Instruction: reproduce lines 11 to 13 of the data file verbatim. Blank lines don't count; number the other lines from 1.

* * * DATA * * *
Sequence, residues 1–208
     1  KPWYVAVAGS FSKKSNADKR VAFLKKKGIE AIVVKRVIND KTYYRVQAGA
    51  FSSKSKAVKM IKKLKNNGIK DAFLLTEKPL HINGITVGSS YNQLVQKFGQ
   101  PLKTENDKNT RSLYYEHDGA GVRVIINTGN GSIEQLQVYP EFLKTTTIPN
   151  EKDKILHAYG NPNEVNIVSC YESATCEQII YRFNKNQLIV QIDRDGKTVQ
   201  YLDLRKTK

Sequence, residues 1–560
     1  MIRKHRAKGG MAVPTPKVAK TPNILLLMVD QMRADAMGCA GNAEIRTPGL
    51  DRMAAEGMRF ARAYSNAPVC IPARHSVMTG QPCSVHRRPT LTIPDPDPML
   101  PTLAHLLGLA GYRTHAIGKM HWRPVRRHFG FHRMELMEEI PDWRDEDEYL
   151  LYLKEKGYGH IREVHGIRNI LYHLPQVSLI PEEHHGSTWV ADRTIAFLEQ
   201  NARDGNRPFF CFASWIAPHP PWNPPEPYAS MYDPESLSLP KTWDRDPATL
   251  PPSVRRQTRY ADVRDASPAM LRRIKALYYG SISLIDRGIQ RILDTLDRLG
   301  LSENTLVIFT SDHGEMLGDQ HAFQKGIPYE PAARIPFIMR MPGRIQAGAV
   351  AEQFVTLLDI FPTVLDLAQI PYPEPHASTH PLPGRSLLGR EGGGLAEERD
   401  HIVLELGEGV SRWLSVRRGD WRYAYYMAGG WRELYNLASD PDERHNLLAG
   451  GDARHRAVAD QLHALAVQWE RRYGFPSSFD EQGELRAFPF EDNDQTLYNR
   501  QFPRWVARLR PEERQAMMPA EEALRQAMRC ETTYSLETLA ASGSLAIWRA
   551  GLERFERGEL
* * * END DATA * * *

   151  LYLKEKGYGH IREVHGIRNI LYHLPQVSLI PEEHHGSTWV ADRTIAFLEQ
   201  NARDGNRPFF CFASWIAPHP PWNPPEPYAS MYDPESLSLP KTWDRDPATL
   251  PPSVRRQTRY ADVRDASPAM LRRIKALYYG SISLIDRGIQ RILDTLDRLG